"Mind if I come?" she asked as she walked in the shed and threw her backpack in the back of the Rhino.

"Fine with me," Jeremy replied, "less dirt I have to dig." He pulled his helmet on and climbed in the Rhino. Blue jumped up in the back and the three of them headed down the gravel road.

There was no wind yet this morning, the air was crisp but not too cold. In a matter of minutes they were circling the bowl and began following the wall north. They watched as the sun hit the top of the wall and slowly made its way down to where they were driving at its base. Jeremy was so excited he could hardly sit still to drive and the Rhino just couldn't go fast enough. He kept his eyes focused on the wall, looking for the white beak sticking out. He wasn't expecting the bump as the front wheels of the Rhino ran into a fresh pile of dirt and rocks. His seat belt held him in place, but he slammed on the brakes and grabbed hold of the steering wheel to steady himself. The Rhino came to a sudden stop perched on the top of a pile of loose dirt and rocks.

"What the--?" Jeremy exclaimed.

"Look!" Ellie was pointing at a cavern carved out of the side of the wall.

"What happened? This is where the bones were!" Jeremy ripped his seat belt off, climbed out of the Rhino and sprinted to the newly carved cavern. There were no bones visible anywhere! He ran into the cavern and scraped on the back wall desperately looking for something white to appear. There was nothing but more dirt. He dropped to his knees and sifted through the loose soil--nothing but rocks.

"Who could have done this?" he asked in anguish.

"Whoever it was, they had a sense of humor." Elena replied.

"What?" Jeremy looked back at his sister who was standing outside the cavern studying the ground.

"Come look at these prints." Elena replied. "It looks like they used the foot bones to make all kinds of prints out here."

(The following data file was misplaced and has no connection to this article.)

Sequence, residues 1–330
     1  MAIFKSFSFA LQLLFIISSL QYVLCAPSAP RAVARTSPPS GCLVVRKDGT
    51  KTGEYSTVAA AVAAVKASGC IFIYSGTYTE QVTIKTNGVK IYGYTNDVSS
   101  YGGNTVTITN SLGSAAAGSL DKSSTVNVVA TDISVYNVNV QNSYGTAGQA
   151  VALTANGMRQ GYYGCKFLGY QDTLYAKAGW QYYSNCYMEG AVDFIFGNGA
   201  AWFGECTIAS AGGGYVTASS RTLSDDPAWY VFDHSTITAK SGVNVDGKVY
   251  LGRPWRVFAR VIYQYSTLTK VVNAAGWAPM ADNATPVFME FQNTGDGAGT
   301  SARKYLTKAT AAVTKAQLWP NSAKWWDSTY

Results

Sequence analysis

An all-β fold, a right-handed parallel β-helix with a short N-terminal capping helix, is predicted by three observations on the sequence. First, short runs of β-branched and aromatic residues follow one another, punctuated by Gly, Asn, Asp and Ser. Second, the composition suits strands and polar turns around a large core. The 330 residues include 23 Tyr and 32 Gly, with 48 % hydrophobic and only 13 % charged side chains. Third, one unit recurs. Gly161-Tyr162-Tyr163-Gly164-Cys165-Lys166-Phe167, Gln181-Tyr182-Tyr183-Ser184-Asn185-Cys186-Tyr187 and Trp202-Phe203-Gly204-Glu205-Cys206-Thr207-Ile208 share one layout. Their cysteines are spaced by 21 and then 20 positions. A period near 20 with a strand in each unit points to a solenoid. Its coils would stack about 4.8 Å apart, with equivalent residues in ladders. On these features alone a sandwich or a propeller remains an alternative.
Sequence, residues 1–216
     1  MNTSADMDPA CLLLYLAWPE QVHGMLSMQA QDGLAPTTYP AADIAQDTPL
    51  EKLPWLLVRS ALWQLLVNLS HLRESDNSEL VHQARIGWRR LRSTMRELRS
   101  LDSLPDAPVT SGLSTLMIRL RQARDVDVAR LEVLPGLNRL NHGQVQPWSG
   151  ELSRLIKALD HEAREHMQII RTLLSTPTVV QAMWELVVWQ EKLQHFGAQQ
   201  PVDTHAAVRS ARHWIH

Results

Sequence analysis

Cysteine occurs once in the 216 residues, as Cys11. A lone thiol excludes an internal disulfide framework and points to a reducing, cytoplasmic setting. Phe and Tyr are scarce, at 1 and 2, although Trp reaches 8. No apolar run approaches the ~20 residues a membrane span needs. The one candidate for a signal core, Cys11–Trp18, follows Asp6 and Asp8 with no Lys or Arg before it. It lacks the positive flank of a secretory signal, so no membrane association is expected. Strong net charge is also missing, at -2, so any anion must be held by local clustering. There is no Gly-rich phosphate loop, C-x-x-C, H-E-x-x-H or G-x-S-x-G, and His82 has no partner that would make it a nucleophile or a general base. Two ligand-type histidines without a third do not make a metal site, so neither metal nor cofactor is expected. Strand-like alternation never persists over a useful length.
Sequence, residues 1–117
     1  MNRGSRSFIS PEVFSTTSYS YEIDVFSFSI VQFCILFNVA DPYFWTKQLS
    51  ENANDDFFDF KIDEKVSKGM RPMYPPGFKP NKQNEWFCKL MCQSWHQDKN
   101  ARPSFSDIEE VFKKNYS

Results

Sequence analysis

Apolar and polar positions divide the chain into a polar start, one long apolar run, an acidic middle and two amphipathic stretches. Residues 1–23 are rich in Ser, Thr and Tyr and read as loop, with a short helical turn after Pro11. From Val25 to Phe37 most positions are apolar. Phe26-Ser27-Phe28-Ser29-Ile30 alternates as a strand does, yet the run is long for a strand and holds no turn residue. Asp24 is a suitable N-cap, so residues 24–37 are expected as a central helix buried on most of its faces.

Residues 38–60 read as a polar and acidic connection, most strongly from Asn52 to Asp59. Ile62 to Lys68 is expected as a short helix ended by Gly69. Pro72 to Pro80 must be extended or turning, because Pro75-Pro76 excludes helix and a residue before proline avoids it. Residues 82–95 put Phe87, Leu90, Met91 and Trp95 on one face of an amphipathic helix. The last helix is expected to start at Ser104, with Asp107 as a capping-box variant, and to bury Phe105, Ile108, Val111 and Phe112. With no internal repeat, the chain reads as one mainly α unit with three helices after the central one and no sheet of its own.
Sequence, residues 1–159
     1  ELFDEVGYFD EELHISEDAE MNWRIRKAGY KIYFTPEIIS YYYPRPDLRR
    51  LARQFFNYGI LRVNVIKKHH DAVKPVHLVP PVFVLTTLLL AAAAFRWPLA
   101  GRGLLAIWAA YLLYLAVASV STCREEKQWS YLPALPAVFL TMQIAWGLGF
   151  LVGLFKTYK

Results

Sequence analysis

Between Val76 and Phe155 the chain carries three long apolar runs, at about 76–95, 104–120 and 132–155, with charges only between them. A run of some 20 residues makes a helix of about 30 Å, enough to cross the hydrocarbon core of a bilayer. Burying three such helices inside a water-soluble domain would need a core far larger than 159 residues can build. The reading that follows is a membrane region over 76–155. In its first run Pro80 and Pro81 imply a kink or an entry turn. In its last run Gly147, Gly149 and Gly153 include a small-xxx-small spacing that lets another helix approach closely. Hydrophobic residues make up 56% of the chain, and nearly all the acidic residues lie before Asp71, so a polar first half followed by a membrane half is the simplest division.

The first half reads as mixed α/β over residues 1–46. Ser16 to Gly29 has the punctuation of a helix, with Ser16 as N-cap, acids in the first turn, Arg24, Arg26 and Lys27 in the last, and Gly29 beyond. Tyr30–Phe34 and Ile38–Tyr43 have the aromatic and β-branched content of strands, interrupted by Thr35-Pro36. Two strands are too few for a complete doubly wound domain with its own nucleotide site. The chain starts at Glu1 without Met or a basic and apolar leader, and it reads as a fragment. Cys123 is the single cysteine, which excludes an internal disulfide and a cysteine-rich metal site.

Jeremy stood up and walked back out to where his sister was studying the ground. There were several distinct prints that looked exactly like the dinosaur footprints from his books. He ran to the Rhino and grabbed his backpack. It took him a few seconds to fish out his dinosaur book then he quickly flipped to the page he had been looking at earlier. "I knew it!" he exclaimed triumphantly.

"Knew what?" Elena asked still studying the footprints.

"It is an ornithomimus!"

"A what?"

"An ornithomimus!" Jeremy said again excitedly carrying the book over to where Elena was studying the footprints. "See! The ornithomimus had three toes. Look, the footprints match." Jeremy laid the book down on the ground next to one of the prints.

Elena looked over his shoulder and nodded in agreement. "I think you're right, it was an ornithomimus." She emphasized the word was. "The question now is, where is it and who dug it up overnight?" Elena's question brought Jeremy back to the reality of the loss of his greatest find. He picked the book up and walked it back to the Rhino. Elena continued with her questioning. "The only ones that knew about this were members of our family right?"

"I didn't tell anyone else." Jeremy sat down on the bumper of the Rhino and looked at the cavern. "Somebody would have had to use a front end loader or a back hoe or some kind of machine to dig that much overnight."

"It must have been Dad." Elena concluded.


"Think about it Jeremy. He could have borrowed that backhoe he used to dig the ponds. Nobody else knew about it! This is exactly the kind of trick dad would play. I'll bet he and mom had a great time out here all night making dinosaur footprints and covering the tracks of the back hoe. They're probably hiding somewhere right now watching us and having a good laugh." Elena started waving in all directions and yelling, "Hi mom and dad! You can come out now! We know it was you!"

Jeremy looked around half expecting his mom and dad to come out from behind a large sagebrush yukking it up, but they never appeared. Jeremy tossed his backpack into the back of the Rhino. "Well, we might as well give them a show. Do those footprints go anywhere?"

Elena looked back at the ground. "I was just wondering the same thing." she replied. "Looks like they head back down the wall. Same direction we came."